Southall, Ealing and Shepherds Bush Tramway

The rather oddly named Southall, Ealing and Shepherds Bush Tram Railway Company Ltd opened a short (1.25miles), standard-gauge horse tramway from Shepherds Bush to Askew Crescent on the 1st June 1874. The track however had not been built as specified, and the Board of Trade inspector refused to licence it for public use until the defects, which were significant, were rectified. The company however, chose to ignore this, as well as several further directives from the BoT, simply continuing to run the trams, with no effort whatsoever being made to undertake remedial work. The company was however in poor financial shape, and before the BoT could take out enforcement action against them, a compulsory winding-up order was made by the Court of Chancery at the request of the contractors (the Reid Brothers) who had not been paid for their work.

The company was placed into liquidation on the 3rd of December 1874, the trams ceasing to run on the 23rd February 1875. An auction was held in April, but a buyer could not be found, so the liquidator then reached agreement with the Reid Brothers for them to complete work on the tramway without payment, and for them to then take-it over. The liquidator seems however to have exceeded his remit, as legally, he was not empowered to sell the concern in this manner. Notwithstanding the legal complications, the tramway was re-opened on 21st September 1875, operation being leased to Charles Courtney Cramp. The tramway was eventually sold to Reid Brothers on the 25th January 1878, the latter having meanwhile sought powers of its own, and constructed a westward extension of the tramway to Action Priory.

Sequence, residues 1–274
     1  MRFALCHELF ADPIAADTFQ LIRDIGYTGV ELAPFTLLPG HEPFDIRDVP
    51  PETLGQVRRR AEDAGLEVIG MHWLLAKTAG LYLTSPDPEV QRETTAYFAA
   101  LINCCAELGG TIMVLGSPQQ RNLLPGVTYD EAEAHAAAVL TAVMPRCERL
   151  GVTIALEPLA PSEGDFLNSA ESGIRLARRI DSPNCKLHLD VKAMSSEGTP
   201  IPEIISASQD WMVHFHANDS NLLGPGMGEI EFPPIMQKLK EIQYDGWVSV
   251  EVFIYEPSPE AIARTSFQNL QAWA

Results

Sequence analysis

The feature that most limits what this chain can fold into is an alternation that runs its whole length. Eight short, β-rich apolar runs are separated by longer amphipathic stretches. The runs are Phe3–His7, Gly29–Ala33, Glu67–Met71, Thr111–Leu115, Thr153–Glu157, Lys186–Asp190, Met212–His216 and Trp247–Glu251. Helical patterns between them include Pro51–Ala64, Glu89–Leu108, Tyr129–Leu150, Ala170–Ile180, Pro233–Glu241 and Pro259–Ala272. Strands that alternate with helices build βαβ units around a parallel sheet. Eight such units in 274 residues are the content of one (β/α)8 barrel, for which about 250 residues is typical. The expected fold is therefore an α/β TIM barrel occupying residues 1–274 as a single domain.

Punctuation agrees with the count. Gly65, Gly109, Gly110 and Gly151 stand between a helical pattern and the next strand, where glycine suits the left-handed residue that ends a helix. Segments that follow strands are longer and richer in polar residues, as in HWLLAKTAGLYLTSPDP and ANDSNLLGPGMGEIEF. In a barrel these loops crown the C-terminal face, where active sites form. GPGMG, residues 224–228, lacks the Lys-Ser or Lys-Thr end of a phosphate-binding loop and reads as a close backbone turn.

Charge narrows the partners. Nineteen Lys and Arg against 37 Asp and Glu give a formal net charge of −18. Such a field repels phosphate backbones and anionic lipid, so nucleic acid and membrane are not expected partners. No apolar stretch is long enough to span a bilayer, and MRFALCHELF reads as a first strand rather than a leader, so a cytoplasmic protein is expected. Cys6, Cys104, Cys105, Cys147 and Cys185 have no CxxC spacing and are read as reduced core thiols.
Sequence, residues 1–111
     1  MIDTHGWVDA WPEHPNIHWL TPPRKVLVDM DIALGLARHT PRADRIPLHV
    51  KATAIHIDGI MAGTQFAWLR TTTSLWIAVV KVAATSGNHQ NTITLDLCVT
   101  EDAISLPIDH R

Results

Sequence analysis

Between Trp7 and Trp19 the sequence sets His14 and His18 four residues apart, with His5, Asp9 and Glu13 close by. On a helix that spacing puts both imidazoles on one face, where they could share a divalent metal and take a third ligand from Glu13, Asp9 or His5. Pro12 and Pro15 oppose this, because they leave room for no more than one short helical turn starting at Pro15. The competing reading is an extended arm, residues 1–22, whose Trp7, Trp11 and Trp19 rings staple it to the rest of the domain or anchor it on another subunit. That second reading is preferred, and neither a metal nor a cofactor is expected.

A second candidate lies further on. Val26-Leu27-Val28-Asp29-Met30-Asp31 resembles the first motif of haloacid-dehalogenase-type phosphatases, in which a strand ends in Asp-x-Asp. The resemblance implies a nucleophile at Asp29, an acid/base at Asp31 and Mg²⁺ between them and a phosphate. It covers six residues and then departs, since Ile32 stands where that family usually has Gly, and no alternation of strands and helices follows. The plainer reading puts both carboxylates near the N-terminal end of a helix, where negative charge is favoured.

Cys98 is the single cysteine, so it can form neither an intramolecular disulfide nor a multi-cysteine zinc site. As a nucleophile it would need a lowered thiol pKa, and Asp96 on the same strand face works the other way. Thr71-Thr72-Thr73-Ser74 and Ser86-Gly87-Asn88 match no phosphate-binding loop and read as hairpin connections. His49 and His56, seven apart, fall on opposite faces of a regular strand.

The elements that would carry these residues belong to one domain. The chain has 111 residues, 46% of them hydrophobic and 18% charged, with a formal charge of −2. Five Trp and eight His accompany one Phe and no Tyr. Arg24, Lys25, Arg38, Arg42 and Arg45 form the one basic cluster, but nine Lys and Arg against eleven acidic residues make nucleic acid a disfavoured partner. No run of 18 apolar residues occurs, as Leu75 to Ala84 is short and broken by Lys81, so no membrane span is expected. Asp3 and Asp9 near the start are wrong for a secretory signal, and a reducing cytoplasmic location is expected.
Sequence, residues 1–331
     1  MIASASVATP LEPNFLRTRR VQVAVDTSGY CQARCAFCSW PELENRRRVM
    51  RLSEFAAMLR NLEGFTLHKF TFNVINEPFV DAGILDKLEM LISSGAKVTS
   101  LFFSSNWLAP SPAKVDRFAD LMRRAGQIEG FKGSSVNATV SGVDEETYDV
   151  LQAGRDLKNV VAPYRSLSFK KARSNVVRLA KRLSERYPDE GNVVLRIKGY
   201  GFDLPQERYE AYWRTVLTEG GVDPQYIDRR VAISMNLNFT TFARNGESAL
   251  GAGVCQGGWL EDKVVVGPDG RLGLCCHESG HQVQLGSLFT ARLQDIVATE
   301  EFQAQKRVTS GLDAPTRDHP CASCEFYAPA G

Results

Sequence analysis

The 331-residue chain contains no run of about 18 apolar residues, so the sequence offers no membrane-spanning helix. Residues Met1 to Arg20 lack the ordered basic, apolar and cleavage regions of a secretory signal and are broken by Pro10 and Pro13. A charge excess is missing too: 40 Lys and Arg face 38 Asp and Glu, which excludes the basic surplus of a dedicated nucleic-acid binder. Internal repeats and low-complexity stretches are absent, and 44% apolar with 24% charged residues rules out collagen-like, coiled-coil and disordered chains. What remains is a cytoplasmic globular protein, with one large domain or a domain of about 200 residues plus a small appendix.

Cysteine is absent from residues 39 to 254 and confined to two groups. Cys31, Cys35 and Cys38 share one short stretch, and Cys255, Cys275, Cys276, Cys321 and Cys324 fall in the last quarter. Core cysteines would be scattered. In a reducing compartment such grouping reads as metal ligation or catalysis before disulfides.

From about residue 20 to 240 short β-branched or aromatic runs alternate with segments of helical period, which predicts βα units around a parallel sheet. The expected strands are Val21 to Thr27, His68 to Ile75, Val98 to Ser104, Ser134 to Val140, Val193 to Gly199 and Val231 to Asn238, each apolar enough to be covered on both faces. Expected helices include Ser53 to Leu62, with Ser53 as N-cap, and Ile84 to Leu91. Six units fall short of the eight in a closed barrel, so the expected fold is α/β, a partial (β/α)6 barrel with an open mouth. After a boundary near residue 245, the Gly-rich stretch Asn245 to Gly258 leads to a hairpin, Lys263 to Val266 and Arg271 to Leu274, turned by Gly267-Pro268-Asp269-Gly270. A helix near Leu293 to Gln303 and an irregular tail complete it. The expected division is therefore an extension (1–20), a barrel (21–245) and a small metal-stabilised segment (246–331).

By late 1880, the Reid Brothers had decided to sell their tramway interests, and the tramway was duly sold to the West Metropolitan Tramways Company Ltd on the 6th March 1882.

Photographs of this early tramway, which operated for just under 8 years (including a hiatus of 7 months when it was closed), have not have survived. Although it is therefore unclear whether uniforms or informal attire were worn, its successor company — the WMTCo — definitely did not issue uniforms. The latter did however issue kepi-style caps with large metal cap badges, so it is just possible that the SE&SBT may have done likewise, though nothing in the way of badges has yet come to light.

Further reading
For a history of this early London tramway, see: 'The London United Tramways, Volume 1 — Origins to 1912' by C S Smeeton; The Light Rail Transit Association and The Tramway and Light Railway Society (1994).